It’s not uncommon for a greyhound to chase a cat or perhaps get into it with other dogs, but around people, they’re calm as can be, and know who the master is in their relationship with an owner.
On top of that, they’re actually pretty good with kids and can handle quite a bit of frustration without snapping at the little ones.
We often put independent and high-energy into the same category, but that’s not always the case.
Here, greyhounds are very relaxed and chill, so you won’t get them all hyped up unless they want to be (that’s the whole point of them being independent).
Whatever your demeanor is, a greyhound could be a great companion.
We all have that friend that is quiet and stand-offish with people, but around the people they know, they open up and are a little more lighthearted.
Imagine all of that in an akita. The more you are around your akita, the more silly and playful they are going to be, they’re just choosy about who they open up to.
This is usually a personality trait that goes along with being aggressive, but in akitas, it’s quite the opposite.
These are considered some of the best, but least-known family dogs that you could possibly get.
They actually get very testy when they’re left alone without their family, whether that’s you or your children.
Akitas might seem like they have a cold shoulder after you come home from a long day of work, but it’s just because they’re family-obsessive dogs.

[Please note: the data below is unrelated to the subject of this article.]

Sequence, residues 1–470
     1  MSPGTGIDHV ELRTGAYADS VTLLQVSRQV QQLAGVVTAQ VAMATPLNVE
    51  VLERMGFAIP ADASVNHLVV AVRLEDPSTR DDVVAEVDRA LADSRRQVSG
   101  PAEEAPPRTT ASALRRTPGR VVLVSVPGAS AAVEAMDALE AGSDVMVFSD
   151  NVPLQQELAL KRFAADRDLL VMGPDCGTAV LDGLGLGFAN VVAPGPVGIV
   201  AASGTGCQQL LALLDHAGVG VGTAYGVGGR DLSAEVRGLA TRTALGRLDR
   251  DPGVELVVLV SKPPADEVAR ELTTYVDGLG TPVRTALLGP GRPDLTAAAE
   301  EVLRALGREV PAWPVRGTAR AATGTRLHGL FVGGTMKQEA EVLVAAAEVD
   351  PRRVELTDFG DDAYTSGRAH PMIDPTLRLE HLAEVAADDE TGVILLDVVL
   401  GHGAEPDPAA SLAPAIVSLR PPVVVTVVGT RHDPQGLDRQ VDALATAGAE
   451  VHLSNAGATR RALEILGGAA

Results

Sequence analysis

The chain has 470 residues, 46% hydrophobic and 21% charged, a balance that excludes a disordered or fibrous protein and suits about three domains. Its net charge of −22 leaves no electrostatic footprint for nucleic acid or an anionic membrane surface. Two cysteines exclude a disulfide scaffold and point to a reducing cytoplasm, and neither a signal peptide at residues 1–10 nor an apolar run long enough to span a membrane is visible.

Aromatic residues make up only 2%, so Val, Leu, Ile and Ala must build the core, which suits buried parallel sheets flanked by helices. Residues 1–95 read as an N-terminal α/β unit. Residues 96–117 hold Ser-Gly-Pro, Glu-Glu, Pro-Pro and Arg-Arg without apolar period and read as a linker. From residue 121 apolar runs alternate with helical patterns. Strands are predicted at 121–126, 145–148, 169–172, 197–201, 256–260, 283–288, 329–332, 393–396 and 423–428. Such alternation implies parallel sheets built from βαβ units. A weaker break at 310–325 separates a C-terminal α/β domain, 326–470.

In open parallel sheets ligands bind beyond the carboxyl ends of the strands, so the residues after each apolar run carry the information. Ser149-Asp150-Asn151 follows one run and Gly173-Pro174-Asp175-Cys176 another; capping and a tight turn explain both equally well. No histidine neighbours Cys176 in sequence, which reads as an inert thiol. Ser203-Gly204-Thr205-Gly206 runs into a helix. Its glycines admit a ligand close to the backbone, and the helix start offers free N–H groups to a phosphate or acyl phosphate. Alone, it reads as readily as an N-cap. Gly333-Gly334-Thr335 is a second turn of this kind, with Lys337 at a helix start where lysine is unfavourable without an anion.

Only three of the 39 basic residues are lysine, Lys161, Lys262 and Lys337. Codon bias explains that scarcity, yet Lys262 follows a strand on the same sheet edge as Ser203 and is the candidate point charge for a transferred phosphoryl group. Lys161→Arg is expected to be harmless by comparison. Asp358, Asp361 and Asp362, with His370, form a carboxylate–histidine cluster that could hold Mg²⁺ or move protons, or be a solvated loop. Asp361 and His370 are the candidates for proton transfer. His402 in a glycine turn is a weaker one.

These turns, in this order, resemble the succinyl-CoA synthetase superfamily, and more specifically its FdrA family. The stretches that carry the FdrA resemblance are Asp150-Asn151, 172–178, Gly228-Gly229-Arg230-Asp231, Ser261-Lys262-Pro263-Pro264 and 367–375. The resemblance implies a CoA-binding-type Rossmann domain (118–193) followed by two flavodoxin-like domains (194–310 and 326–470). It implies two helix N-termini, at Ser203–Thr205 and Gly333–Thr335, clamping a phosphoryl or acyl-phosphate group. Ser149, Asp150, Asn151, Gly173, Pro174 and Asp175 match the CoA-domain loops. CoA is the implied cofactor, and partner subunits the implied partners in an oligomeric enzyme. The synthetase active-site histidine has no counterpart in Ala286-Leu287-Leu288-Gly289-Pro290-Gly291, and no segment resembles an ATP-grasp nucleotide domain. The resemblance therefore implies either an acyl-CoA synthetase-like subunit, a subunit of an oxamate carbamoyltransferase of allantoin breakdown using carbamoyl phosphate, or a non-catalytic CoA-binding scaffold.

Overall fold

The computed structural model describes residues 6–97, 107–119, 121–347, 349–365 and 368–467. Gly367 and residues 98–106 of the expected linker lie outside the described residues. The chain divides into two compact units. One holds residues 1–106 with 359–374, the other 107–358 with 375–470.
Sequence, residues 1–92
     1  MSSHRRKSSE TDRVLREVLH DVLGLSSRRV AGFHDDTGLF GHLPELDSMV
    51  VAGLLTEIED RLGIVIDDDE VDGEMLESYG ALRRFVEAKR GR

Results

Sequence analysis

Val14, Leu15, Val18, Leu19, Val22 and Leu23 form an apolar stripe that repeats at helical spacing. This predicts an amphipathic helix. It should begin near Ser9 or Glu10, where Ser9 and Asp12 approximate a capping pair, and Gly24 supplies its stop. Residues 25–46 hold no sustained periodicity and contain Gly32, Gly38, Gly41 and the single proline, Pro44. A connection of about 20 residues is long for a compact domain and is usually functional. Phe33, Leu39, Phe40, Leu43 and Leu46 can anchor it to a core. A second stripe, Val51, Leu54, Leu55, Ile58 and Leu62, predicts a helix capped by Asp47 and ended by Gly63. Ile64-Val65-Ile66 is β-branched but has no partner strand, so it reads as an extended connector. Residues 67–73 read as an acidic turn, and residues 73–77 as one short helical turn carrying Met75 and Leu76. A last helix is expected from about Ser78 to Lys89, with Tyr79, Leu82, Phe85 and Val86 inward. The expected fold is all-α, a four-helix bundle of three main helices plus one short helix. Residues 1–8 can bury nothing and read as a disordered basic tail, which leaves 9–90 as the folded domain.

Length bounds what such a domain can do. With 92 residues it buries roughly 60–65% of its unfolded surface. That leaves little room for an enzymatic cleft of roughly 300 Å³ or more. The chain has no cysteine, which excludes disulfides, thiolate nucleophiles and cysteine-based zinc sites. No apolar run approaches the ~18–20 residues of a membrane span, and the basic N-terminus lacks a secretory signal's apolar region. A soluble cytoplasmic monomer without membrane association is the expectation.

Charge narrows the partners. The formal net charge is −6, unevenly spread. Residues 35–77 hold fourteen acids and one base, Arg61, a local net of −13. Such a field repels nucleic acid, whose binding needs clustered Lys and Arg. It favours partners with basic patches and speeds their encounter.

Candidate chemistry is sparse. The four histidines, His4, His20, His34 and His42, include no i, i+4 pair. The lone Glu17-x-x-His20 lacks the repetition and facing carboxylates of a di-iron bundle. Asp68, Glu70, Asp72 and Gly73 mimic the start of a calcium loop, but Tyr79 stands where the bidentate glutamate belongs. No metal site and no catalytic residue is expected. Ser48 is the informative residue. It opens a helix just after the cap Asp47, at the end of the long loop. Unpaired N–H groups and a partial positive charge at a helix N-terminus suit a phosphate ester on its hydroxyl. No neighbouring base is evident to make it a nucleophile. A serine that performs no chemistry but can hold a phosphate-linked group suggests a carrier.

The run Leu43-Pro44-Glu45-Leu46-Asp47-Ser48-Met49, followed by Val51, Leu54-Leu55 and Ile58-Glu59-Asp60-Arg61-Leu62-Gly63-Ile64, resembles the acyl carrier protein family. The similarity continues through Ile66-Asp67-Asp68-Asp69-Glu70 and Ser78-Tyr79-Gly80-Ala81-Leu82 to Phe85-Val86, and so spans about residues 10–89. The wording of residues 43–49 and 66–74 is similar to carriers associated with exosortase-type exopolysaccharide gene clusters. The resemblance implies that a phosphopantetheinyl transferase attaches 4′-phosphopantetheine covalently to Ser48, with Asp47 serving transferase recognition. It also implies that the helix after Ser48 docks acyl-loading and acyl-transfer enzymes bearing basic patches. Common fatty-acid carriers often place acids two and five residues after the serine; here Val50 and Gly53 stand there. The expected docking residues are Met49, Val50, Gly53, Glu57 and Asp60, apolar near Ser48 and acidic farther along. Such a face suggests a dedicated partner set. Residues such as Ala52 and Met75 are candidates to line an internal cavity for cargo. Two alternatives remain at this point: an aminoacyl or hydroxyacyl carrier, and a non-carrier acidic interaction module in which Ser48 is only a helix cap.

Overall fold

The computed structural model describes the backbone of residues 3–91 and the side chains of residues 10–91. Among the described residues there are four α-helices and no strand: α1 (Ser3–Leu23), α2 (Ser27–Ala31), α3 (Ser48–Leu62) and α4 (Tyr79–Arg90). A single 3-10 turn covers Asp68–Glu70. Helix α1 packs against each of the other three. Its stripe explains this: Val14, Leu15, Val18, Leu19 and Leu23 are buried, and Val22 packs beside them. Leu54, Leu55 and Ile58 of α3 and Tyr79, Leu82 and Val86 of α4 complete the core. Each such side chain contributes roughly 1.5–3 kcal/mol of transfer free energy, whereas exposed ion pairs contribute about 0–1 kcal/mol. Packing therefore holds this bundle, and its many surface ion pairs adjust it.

They’re not difficult to train, but not exactly easy to train like a lab, so you’ll need some time with them to ensure they perform as you want.
5. Chow Chow
Chow chows are similar to akitas in a lot of ways, they just obviously look a lot different.
A chow chow is independent while also being high-energy, so if this is something that you can’t handle, a chow chow is not for you.
They like to be played with, and get upset when they are left alone for too long.
Chow chows make an excellent family dog, because while they are independent, instead of swiping or biting a child, they’ll just walk away and distance themselves from the child.
They’re well-mannered after a little bit of training, which doesn’t take too long as they enjoy being part of a family and having an owner who teaches them.
Overall, an underrated, independent, and great dog.
Independent is the number one word you would use to describe a shar-pei, for sure.
They’re very proud, regal dogs that enjoy being part of a family, and will not let you down when you need them.
They’re often revered as being one of the most intelligent dog breeds out there as well.
But what about their temperament? Well, I did say independent, didn’t I?
They’re very wary of other dogs, even ones that they have seen before, so it’s not just a stranger thing.